TWO First Amendment cases from last Term addressed when content regulation is justified by particularly compelling interests. The answer implied by both cases is: not often.
Brown v. Entertainment Merchants Ass'n took up a California law imposing a civil fine for selling violent video games to minors without the consent of a guardian.1 Like all such laws challenged thus far, this one had been struck down on First Amendment grounds in the lower courts.2 The Supreme Court affirmed in an opinion written by Justice Scalia and joined by Justices Kennedy, Ginsburg, Sotomayor, and Kagan.
The Court first held that video games were expression for purposes of the First Amendment. It then characterized California as attempting to create a new unprotected category of speech: speech that is unacceptably violent for minors.3 The Court rejected this category. It distinguished the special category of speech that is obscene as to minors on the ground that obscenity is also an unprotected category for adults. "Violent speech" is not an unprotected category as to adults, and thus no category exists which could be extended to provide special protection for children.4 Indeed, the Court said, given the violent content of children's faresuch as Grimm's Fairy Tales and The Lord of the Flies, there is no American tradition of protecting children from violent expression.5 The Court rejected the State's claim that video games pose special harms because they are interactive. "[A]ll literature is interactive," the Court concluded.6 Following arguments made by the respondent, it likened the California law to historical attempts to protect children from new media such as dime novels, movies, and comic books.7
Because the law did not target an unprotected category, the Court treated it as a content-based regulation and applied strict scrutiny.8 For a number of reasons, the law failed. First, in light of the mixed empirical evidence on the connection between violent video games and violent conduct, the State had argued that the Court should give deference to the legislature's conclusions about the connection. The Court refused to grant such deference and further expressed skepticism about the empirical basis for the legislature's conclusions.9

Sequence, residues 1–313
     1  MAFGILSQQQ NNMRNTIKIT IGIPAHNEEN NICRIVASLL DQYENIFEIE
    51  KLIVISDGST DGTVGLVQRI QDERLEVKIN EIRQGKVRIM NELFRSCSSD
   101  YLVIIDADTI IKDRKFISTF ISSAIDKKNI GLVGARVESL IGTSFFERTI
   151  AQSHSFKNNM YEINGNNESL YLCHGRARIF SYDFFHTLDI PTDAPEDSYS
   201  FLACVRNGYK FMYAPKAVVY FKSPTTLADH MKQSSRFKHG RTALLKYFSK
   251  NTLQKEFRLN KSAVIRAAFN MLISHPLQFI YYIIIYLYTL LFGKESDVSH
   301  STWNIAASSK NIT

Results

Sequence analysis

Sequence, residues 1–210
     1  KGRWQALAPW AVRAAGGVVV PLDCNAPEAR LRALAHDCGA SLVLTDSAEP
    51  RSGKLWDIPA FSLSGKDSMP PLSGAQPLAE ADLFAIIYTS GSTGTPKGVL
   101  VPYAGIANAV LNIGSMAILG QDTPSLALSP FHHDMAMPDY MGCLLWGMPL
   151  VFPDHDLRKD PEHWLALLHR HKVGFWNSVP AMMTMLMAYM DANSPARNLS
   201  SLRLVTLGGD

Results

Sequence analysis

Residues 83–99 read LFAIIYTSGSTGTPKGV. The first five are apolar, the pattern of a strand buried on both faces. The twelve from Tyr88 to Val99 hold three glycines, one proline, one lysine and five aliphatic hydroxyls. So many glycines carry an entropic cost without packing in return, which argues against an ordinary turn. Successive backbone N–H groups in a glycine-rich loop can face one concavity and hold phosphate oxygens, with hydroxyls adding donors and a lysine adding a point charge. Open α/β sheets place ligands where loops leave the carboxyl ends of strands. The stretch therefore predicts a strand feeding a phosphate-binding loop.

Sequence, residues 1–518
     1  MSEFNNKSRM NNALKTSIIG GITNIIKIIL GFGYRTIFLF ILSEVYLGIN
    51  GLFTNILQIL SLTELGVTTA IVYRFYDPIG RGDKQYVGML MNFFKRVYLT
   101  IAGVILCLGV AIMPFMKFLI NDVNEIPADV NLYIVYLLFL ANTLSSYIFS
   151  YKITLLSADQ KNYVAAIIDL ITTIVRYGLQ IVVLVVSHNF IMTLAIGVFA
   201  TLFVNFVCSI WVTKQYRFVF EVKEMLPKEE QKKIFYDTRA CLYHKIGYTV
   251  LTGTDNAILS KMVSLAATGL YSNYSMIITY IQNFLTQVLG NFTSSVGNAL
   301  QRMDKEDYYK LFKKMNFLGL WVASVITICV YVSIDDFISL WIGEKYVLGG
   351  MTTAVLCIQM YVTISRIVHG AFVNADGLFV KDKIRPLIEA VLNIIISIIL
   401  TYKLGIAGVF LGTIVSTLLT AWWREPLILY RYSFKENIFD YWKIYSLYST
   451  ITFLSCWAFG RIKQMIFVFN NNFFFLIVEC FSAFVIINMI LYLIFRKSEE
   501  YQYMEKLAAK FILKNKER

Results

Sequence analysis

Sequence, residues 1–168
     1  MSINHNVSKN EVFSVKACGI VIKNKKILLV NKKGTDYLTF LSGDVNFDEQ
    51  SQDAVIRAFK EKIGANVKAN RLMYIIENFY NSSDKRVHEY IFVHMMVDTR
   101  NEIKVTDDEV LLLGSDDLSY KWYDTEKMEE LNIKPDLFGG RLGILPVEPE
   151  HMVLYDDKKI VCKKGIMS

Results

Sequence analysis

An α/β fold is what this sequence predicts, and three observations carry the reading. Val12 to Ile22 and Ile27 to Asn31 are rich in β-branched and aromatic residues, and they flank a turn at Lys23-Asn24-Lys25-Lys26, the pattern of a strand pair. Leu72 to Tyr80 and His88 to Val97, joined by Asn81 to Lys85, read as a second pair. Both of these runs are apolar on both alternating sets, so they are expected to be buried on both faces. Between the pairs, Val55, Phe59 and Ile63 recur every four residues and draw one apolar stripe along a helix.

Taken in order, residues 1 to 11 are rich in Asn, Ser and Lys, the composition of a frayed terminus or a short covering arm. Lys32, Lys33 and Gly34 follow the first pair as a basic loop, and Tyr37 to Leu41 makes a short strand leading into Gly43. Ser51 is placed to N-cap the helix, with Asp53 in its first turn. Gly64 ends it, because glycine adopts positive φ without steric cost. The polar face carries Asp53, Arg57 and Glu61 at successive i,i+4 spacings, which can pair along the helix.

Second, the law was fatally underinclusive in that the studies supporting the law also showed correlations between violence and unregulated expression, such as Saturday morning cartoons and even images of guns.10 Finally, the Court rejected the State's interest in aiding parental authority. It found that the voluntary ratings system for video games enabled parental supervision and discouraged sales to minors, thereby diminishing the State's interest. It also found this rationale overinclusive, because some parents would be unconcerned about violent video games and thus would not require the State's aid.11
Justice Alito, joined by the Chief Justice, concurred in the judgment. He concluded that the California law was fatally vague but reserved the possibility that a clearer regulation should pass muster. He argued that the majority was wrong to reject the possibility that video games could be qualitatively different from other media in their capacity to cause harm.12
Justice Thomas and Justice Breyer each wrote a dissent.13 Justice Breyer agreed with the majority that the law was a content-based regulation but parted ways at the scrutiny stage, where he thought the law should pass. He took the majority to task for downplaying both the State's interest in protecting minors and the extent to which the Court's precedents supported that interest. He concluded that its proper recognition should lead the Court to defer to the state.14